The full cast in the Act 1 Finale (L to R) Cinderella's Stepmother (Marissa Bond), Lucinda (Emma Klement ), Cinderella's Prince (Rafael Medina), Cinderella (Nora Petty), Florinda (Abigail Bennett), The Witch (Juli Stephenson), Jack's Mother (Diane Thomas), Narrator (Mia Ayon ), Jack (James Boberg), The Mysterious Man (Gorton Smith), The Steward (Casey Sedillo ), Little Red Riding Hood (Zoe Ayon ), Rapunzel (Christa Brianne), Rapunzel's Prince (Shaun Hadfield), Baker (David Reyes), Baker's Wife (Carol Ayon)
(L to R): Baker (David Reyes), and Mysterious Man (Gorton Smith)
(L to R): Cinderella's Prince (Rafael Medina)and Rapunzel's Prince (Shaun Hadfield)
(L to R): Baker (David Reyes), Cinderella's Stepmother (Marissa Bond), Lucinda (Emma Klement ), and Florinda (Abigail Bennett)
(L to R): Baker's Wife (Carol Ayon) and Cinderella (Nora Petty)
(L to R): Baker (David Reyes) and Little Red Riding Hood (Zoe Ayon )
(L to R): The Witch (Juli Stephenson), Rapunzel (Christa Brianne) and Narrator (Mia Ayon )
(L to R): Jack (James Boberg ), and Little Red Riding Hood (Zoe Ayon )
(L to R): Rapunzel's Prince (Shaun Hadfield), Rapunzel (Christa Brianne) and The Witch (Juli Stephenson)
Jack (James Boberg)
(L to R) Florinda (Abigail Bennett), Cinderella's Stepmother (Marissa Bond), Lucinda (Emma Klement ), The Steward (Casey Sedillo ), Jack's Mother (Diane Thomas), Baker (David Reyes), Baker's Wife (Carol Ayon), The Witch (Juli Stephenson) and Little Red Riding Hood (Zoe Ayon )
L to R): The Witch (Juli Stephenson), Rapunzel (Christa Brianne)
(L to R): Baker's Wife (Carol Ayon), Baker (David Reyes) and Jack (James Boberg)
(L to R): Baker (David Reyes) and Baker's Wife (Carol Ayon)
Jul 25-Aug 03, 2014
The musical cleverly begins with the characters of "Little Red Riding Hood," "Jack and the Beanstalk," "Rapunzel," and "Cinderella" whose stories continue after the "happily ever after" in their own fairy tales. In addition there is the story of a childless baker and his wife who wish to have a child. their interaction with a Witch who has placed a curse on them, and their interaction with other storybook characters during their journey. Musical Numbers include "Into the Woods, "There's a Giant in the Sky," " Agony," and "Ever After."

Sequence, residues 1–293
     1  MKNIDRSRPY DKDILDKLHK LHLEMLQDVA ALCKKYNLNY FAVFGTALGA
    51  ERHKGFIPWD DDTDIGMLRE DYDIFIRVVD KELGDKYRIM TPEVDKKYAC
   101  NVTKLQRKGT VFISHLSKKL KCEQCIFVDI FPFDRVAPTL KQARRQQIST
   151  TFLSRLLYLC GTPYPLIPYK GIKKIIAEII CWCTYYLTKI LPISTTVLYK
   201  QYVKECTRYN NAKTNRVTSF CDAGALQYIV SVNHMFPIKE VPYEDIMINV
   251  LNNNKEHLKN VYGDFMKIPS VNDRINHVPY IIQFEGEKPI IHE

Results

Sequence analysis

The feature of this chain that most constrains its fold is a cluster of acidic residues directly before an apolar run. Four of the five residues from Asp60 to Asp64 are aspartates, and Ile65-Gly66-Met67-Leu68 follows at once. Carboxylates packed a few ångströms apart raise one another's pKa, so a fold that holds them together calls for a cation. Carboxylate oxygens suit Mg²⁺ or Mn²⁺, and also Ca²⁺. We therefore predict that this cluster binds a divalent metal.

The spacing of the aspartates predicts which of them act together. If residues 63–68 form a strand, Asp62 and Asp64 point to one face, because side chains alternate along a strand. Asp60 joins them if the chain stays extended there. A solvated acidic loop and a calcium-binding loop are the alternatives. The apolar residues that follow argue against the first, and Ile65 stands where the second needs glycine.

My theatre career really started in the confines of my own bedroom among my stuffed animals, using hand-me-down gowns and items found around the house. I also remember the first time I watched Into the Woods. It was a cold snowy day in upstate New York as I put the video into my VHS player and I remember being entranced as I watched more than two hours of this amazing production. I knew at that moment, before I died, I would do this show. Since then, I have had the opportunity to re-watch, re-listen and re-read Woods. Each and every time it still has the same magical affect on me. Every time, there is a song or line that has new meaning for me and I am brought to tears. It's been almost a year since this concept emerged. It started out no bigger than a bean and it has grown to the show you see before you - a little girl, forced to stay inside because of the weather, imagines familiar characters together in a story from her own imagination. This show would not be possible without my talented cast and crew who agreed to the summer stock model. They arrived the first day with their roles already memorized and worked 13 days straight to completion. What you see here is a community of people coming together with one purpose: to take YOUR hand and lead you into Sondheim's brilliant work. I am so honored they decided to join me on this adventure. I believe we have come out the other end of the wood better than before we went in. It is my tradition to dedicate each show I do to someone. This show is for any child (or adult) seeing Into the Woods for the first time. May it be magical and wonderful. Thank you for coming and enjoy the show.
|Little Red Riding Hood|
|The Mysterious Man|
|Book Written By|
|Music And Lyrics|
BBT production enchants - 'Into the Woods' a dark family spin on old familiar fairy tales
- By Gerald M. Kane , Las Cruces Bulletin
In his iconic 1976 work "The Uses of Enchantment: The Meaning and Importance of Fairy Tales," noted psychologist Bruno Bettelheim observes that children "wandering in enchanted worlds begin to sense for themselves the textures of justice, fidelity, love, courage.... not as lessons imposed, but as discovery, as experience, as an organic part of the adventure of living."